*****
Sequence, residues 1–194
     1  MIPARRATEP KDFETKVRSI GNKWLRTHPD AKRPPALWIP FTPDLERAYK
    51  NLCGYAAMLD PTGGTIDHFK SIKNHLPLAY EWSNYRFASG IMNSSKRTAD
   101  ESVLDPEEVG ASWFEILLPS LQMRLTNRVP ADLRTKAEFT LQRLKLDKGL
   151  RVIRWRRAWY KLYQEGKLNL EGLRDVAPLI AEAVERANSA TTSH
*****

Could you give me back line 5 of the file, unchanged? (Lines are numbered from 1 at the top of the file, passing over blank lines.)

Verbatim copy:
   151  RVIRWRRAWY KLYQEGKLNL EGLRDVAPLI AEAVERANSA TTSH